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Let’s talk about...cervical screening uptake and inequalities in Scotland

Posted on: Friday, 9th June 2023 by Iona Stoddart, Deputy Head of Information & Engagement

Each year in Scotland, there are 323 diagnoses of cervical cancer and sadly 95 deaths.

Cervical cancer is largely preventable, thanks to the HPV vaccine and cervical screening (smear tests). Unfortunately, uptake of cervical screening is dropping and the lastest data from Public Health Scotland shows that just 68.7% women and other people with a cervix are up to date with this life-saving test – this is the lowest coverage in Scotland since national reporting began almost 30 years ago.

While the average level of coverage across Scotland is almost 69%, some communities are receiving even less protection. In the most deprived areas, just 62% of eligible women and other people with a cervix have been screened recently. Just over half (53%) of 25-29 year olds are up to date and amongst 25–31-year-olds who have not received the HPV vaccine, this is even lower at just below 38%.

Tackling declining uptake is becoming essential as we are seeing inequalities widen.

Over the past three years, Jo’s have established a Cervical Cancer Prevention team in Scotland, where we work with communities with low cervical screening uptake. Our project focus is working to better understand, and develop interventions to address, the barriers that exist. We also deliver training to community leaders, healthcare professionals, and staff from a wide range of organisations, so that they can help raise awareness and support their communities with cervical screening.

Raising awareness of cervical screening

A key area for the team is working with young women living in areas of deprivation. Our work involves dispelling myths, including the belief that if you had the HPV vaccine in school you don’t need to have screening, and gathering insight on the barriers to screening and how we can reduce barriers. Through our focus groups we have been told about a range of factors including getting childcare, difficulty getting time off work, fear and embarrassment, previous bad experiences of screening and trauma following sexual violence. Our work includes delivering awareness sessions in partnership with community organisations to provide information on all aspects of cervical cancer and HPV, and how the HPV vaccine and cervical screening help prevent cervical cancer. We also run cervical cancer prevention training for staff and volunteers at groups across the country. This training informs attendees about cervical health, but also equips them to have conversations around screening, enabling them to share our potentially life-saving information with the women they encounter, and increasing the reach of our message. A further part of this work is sharing learnings for our community work with healthcare professionals to enable them to reduce barriers through their work too.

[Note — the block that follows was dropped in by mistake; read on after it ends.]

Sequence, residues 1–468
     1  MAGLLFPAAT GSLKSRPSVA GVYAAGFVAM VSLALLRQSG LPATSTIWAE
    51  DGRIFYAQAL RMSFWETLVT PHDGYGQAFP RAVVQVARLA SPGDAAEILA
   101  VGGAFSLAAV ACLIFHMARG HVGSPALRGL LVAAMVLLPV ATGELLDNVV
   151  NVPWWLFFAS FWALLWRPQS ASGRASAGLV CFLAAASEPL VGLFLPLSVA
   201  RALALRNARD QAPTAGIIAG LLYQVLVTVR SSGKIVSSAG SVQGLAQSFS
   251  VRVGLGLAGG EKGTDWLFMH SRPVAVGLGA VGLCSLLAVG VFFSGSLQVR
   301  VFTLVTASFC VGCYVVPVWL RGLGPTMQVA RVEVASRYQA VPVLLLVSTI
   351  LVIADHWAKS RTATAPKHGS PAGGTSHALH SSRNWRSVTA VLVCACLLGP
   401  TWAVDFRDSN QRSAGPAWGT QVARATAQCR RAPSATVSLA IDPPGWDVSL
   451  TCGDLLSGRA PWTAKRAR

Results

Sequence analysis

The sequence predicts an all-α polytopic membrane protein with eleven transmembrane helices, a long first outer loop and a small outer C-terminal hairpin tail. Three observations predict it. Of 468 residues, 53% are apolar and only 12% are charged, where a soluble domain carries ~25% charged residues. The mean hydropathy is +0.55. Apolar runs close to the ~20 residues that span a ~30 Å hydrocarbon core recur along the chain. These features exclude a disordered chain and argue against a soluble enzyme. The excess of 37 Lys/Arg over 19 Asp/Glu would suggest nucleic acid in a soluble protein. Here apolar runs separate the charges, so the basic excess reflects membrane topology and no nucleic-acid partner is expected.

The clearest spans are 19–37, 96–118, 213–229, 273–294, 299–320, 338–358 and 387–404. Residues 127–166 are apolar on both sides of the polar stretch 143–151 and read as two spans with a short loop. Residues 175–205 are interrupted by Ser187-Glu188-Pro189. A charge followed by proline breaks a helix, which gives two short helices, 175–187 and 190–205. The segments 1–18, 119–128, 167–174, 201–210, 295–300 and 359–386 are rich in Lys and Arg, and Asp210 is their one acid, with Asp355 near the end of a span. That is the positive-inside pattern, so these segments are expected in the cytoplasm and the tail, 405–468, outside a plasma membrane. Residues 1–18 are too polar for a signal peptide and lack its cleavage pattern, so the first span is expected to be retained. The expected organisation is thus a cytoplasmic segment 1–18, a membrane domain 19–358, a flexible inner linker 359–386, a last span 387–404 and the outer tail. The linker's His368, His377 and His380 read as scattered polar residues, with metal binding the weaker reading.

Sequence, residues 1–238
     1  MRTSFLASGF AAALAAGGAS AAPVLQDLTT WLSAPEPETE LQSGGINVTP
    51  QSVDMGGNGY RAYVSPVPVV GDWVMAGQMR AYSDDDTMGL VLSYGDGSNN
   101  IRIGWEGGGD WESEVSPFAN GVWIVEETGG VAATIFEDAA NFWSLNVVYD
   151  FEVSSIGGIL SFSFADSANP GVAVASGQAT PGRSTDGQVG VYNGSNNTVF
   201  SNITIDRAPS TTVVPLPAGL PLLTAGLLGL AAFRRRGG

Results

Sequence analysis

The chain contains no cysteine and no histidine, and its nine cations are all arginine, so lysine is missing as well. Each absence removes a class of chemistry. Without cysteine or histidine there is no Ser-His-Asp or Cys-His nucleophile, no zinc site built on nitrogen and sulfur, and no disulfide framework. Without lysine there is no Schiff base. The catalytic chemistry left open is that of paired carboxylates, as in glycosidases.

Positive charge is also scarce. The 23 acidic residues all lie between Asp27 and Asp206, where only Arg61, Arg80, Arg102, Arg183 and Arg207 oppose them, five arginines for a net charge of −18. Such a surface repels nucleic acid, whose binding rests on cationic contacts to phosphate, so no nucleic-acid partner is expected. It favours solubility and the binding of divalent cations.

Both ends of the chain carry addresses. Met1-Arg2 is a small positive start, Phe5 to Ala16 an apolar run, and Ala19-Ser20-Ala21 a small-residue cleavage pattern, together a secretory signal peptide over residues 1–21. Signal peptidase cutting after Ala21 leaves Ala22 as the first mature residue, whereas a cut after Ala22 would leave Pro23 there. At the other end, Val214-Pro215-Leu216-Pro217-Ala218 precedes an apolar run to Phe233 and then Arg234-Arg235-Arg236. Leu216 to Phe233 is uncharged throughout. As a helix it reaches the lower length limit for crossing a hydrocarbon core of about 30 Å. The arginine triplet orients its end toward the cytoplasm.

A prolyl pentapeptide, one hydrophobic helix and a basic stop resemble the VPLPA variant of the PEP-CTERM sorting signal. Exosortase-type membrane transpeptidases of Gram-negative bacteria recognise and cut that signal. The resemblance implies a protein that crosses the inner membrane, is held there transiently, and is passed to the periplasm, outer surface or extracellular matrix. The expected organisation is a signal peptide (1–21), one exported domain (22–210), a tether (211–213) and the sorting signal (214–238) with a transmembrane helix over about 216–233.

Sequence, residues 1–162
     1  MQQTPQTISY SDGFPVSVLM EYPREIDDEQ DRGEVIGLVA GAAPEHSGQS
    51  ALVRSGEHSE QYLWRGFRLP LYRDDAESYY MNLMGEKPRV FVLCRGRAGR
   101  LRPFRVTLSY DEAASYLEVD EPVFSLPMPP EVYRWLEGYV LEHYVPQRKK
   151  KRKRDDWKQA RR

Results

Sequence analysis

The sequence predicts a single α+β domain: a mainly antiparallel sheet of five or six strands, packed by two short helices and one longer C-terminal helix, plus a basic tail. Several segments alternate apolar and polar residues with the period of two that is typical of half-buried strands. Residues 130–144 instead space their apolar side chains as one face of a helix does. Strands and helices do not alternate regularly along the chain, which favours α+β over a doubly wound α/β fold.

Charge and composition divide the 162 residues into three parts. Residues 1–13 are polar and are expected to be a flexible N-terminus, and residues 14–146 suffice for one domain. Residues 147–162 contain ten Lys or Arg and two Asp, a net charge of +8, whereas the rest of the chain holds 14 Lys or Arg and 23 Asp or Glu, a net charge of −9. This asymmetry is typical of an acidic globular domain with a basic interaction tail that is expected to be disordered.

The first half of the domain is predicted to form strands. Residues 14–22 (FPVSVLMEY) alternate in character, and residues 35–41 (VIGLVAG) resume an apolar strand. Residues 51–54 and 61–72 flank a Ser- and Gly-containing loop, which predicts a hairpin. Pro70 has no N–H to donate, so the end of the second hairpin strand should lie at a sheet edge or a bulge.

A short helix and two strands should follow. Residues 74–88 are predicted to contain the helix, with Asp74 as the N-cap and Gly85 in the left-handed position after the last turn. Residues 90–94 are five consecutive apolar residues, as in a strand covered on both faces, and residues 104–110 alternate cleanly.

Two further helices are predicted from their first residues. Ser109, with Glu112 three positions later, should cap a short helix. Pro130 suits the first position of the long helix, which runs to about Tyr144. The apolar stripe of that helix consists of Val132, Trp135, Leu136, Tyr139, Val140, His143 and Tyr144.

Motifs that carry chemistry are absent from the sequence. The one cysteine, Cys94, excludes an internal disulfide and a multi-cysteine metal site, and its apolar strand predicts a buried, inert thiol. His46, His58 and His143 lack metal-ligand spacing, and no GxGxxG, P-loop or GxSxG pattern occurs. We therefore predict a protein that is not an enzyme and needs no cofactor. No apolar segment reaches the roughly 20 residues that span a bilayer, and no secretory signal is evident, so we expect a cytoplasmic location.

Partnerships are essential to our work and help us ensure our messages reach as many people as possible. Working with organisations including Home-Start and One Parent Families has been key in helping us reach women aged 25-29 in areas of deprivation.

Over the last year we have partnered with Glasgow City Football Club, working with their staff, players, and supporters on a range of initiatives including advertising in their programmes, and goal-side banners.

Another of our partnerships is with Enable Scotland where we work with women with learning disabilities to co-design resources that better meet the needs of these women. We’ve also been working closely with the Glasgow Times, to support their ongoing campaign to raise awareness of cervical cancer and screening.

Nationally we work closely with NHS colleagues to tackle inequalities in the cervical screening programme by inputting into Scotland’s new Equity in Screening strategy and the new Core Screening Standards. We are also working at NHS board level with health improvement and public health teams, providing input on the patient experience and partnering with individual Health Boards to develop projects to address inequalities in screening in their area, this includes engaging with ethnic minority and faith groups to deliver awareness sessions and focus groups sharing the importance of cervical screening. 


All of this work leads us closer to our vision of a future without cervical cancer. Scotland has the tools to achieve this – with effective screening and vaccination programmes – but we want to make sure that nobody is left behind. By working with women and healthcare professionals, we want to give everyone the information and support they need to attend screening, and help make the screening programme as accessible as possible. We’re also calling for government strategies that ensure everyone has equal opportunities to reduce their risk of cervical cancer. 

Cervical screening saves lives, but we know that it isn’t easy for everyone.

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